You must be a registered user to participate in this chat.

  • 30-year study identifies need of disease-modifying therapies for maple syrup urine disease January 24, 2020
    A new study analyzes 30 years of patient data and details the clinical course of 184 individuals with genetically diverse forms of Maple Syrup Urine Disease (MSUD), which is among the most volatile and dangerous inherited metabolic disorders. Researchers collected data on survival, hospitalization rates, metabolic crises, liver transplantation, and cognitive outcome. This represents the […]
  • TP53 gene variant in people of African descent linked to iron overload, may improve malaria response January 24, 2020
    In a study by The Wistar Institute and collaborators, a rare, African-specific variant of the TP53 gene called P47S causes iron accumulation in macrophages and other cell types and is associated with poorer response to bacterial infections, along with markers of iron overload in African Americans. Macrophage iron accumulation disrupts their function, resulting in more […]
  • Scientists highlight potential of exposome research January 23, 2020
    Over the last two decades, the health sciences have been transformed by genomics, which has provided insights into genetic risk factors for human disease. While powerful, the genomics revolution has also revealed the limits of genetic determinants, which account for only a fraction of total disease risk. A new article in the journal Science argues […]
  • Researchers uncover mechanism for how common gene therapy vectors enter cells January 23, 2020
    Researchers led by a team at Massachusetts Eye and Ear have identified a novel cellular entry factor for adeno-associated virus vector (AAV) types—the most commonly used viral vectors for in vivo gene therapy. AAVs are vectors—or vehicles—that are created from a virus that is made harmless by molecular engineering, and have shown promise transporting genetic […]
  • Largest-ever study ties over 100 genes to autism January 23, 2020
    More than 100 genes appear to be involved in autism spectrum disorders (ASD), according to the largest genetic study of the condition to date.
  • More than 40% of status epilepticus patients suffer adverse outcomes January 24, 2020
    A new study published in Seizure gives insight into the short-term outcome of patients treated for status epilepticus in Kuopio University Hospital in Finland. The researchers found a 9% risk of death and a 32% risk of functional loss at one month after status epilepticus. The patient's risk of death could be predicted relatively reliably […]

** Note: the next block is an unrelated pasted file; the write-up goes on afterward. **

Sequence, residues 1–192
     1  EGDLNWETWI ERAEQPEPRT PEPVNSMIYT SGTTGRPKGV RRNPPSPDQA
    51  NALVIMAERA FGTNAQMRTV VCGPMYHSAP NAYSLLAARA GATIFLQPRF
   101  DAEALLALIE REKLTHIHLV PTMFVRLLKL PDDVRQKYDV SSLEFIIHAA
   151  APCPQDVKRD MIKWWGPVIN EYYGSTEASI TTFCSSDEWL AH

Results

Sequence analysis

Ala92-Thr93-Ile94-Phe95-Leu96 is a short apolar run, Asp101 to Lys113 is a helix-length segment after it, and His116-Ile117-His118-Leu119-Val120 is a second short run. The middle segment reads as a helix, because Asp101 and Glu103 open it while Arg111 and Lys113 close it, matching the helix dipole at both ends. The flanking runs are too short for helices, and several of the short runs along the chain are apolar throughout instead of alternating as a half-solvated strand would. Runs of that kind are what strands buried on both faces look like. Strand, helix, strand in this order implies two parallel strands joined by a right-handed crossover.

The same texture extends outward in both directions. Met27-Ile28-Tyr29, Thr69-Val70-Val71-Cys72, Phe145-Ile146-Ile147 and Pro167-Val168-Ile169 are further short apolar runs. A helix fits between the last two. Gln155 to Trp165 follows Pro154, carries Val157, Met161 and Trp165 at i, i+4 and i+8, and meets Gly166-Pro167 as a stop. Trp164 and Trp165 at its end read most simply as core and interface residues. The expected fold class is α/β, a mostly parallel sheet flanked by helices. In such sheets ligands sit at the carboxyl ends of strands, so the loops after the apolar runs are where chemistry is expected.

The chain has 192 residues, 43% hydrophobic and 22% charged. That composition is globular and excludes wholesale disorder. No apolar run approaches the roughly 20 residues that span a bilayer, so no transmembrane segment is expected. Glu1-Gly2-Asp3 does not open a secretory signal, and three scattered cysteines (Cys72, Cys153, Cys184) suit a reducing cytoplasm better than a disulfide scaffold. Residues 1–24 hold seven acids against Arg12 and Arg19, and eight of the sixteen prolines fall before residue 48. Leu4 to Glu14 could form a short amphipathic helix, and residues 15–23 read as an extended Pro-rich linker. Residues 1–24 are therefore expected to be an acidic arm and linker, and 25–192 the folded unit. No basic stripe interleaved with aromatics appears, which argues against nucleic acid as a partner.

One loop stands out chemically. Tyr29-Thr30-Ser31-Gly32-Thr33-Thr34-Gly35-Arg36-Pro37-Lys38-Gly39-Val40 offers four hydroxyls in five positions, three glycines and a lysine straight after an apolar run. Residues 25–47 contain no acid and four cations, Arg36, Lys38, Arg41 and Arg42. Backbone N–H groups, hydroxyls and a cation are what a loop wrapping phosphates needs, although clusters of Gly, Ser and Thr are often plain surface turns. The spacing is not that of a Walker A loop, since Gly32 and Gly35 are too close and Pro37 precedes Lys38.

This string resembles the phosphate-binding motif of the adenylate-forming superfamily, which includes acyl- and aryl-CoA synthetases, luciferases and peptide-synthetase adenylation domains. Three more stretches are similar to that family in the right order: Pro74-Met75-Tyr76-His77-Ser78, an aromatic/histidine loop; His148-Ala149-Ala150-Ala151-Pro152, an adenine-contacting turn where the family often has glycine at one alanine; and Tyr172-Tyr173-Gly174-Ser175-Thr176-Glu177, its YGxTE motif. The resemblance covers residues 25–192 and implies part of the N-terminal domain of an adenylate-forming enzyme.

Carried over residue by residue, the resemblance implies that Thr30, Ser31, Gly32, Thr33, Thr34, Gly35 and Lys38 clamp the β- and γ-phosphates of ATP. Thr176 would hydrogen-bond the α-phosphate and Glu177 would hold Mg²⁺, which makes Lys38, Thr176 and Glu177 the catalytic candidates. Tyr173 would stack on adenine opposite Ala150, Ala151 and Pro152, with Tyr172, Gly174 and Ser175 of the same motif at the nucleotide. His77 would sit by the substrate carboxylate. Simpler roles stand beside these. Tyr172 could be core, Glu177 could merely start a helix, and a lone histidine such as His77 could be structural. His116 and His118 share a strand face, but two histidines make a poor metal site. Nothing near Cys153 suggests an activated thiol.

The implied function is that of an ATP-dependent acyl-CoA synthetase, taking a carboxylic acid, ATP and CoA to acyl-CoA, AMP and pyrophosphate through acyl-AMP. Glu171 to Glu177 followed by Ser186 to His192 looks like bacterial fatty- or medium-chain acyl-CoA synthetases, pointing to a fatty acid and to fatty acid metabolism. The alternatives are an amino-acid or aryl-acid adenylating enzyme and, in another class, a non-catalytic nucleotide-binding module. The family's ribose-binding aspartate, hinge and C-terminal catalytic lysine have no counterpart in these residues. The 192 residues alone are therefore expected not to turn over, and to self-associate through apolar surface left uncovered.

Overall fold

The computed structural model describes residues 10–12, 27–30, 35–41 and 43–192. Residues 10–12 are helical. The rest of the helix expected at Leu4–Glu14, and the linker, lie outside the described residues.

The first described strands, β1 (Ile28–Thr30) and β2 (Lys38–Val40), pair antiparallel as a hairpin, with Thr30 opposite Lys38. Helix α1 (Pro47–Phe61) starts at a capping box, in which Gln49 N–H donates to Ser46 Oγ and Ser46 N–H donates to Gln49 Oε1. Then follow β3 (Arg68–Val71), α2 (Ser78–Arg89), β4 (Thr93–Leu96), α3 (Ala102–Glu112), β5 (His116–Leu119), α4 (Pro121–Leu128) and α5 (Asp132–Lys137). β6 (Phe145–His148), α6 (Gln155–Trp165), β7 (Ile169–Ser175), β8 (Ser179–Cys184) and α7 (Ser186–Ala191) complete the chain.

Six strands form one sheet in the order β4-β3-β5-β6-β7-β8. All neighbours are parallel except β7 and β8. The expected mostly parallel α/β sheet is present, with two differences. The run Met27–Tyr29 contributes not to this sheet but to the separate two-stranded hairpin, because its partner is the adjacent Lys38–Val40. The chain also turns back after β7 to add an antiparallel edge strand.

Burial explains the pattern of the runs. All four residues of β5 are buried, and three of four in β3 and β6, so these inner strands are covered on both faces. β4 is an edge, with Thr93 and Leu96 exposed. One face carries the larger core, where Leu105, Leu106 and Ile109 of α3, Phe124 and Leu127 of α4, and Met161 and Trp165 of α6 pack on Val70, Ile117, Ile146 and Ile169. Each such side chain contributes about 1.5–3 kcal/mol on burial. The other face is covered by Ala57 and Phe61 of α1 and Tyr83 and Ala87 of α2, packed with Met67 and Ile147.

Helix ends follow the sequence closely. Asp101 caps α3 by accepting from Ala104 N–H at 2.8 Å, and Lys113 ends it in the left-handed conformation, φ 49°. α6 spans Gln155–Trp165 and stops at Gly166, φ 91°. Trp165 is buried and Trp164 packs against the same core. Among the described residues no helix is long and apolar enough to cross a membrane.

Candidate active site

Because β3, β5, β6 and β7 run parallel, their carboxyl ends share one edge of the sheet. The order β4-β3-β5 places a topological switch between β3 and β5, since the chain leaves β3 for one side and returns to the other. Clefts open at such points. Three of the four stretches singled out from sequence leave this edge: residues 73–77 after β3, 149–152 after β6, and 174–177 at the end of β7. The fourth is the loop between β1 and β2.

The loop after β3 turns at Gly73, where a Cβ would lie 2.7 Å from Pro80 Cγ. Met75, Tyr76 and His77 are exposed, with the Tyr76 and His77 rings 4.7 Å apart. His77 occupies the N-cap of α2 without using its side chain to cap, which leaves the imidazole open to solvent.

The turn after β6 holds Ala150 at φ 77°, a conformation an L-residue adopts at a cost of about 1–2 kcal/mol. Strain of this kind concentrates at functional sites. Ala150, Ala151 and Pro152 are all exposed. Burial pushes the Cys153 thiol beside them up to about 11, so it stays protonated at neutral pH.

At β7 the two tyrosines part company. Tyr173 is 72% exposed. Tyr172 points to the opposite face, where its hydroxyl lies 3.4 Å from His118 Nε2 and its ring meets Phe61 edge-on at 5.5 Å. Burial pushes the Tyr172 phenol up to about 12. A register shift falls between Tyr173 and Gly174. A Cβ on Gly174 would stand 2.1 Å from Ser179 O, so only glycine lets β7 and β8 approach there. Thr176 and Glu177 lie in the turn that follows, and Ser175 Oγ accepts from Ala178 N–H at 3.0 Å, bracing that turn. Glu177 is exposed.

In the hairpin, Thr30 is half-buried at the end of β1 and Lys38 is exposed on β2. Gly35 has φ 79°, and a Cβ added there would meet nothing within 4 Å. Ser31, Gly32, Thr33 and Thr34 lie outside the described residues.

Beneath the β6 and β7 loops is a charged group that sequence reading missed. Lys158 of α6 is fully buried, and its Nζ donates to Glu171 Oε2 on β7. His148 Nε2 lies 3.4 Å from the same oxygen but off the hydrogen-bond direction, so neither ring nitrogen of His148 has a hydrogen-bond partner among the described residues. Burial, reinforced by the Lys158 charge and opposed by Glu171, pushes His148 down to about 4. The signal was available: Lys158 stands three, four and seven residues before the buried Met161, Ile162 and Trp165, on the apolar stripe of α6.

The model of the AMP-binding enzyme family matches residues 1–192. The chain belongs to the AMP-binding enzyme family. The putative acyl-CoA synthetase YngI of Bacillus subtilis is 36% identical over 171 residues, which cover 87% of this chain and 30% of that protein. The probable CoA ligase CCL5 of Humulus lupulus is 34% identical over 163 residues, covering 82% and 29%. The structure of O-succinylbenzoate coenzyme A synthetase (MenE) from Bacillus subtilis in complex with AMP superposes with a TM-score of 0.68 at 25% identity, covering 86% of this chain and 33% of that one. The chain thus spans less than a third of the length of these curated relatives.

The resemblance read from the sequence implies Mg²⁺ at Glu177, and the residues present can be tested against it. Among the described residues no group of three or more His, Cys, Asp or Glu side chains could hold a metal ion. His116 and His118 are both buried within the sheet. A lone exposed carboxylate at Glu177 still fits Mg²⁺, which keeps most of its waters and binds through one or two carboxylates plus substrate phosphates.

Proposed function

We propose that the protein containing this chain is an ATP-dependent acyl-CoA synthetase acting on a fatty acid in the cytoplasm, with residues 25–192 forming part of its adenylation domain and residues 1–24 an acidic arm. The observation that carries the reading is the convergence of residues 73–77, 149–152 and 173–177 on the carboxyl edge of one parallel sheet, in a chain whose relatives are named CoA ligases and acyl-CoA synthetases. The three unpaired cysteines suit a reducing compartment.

• A new twist on quantum communication in fiber January 24, 2020
    New research done at the University of the Witwatersrand in Johannesburg, South Africa, and Huazhang University of Science and Technology in Wuhan, China, has exciting implications for secure data transfer across optical fiber networks.
  • The regulators active during iron deficiency January 24, 2020
    Iron deficiency is a critical situation for plants, which respond using specific genetic programmes. Biologists from Heinrich Heine University Düsseldorf (HHU) and Michigan State University (MSU) used artificial intelligence methods to examine how to predict regulatory genetic sequences. They have now published the findings from their joint research work in the journal Plant Physiology.
  • Brain-cell helpers powered by norepinephrine during fear-memory formation January 24, 2020
    A sustained state of vigilance will generate a different type of memory than a momentary startle, and these differences are linked to distinct signaling molecules in the brains of mice. Researchers at the RIKEN Center for Brain Science (CBS) have visualized these dynamics in the living mouse brain for the first time, observing two molecular […]
  • What goes up may actually be down January 24, 2020
    A new study in Frontiers in Neuroscience used virtual reality to determine how people plan their movements by 'seeing' gravity using visual cues in the landscape around them, rather than 'feeling it' through changes in weight and balance.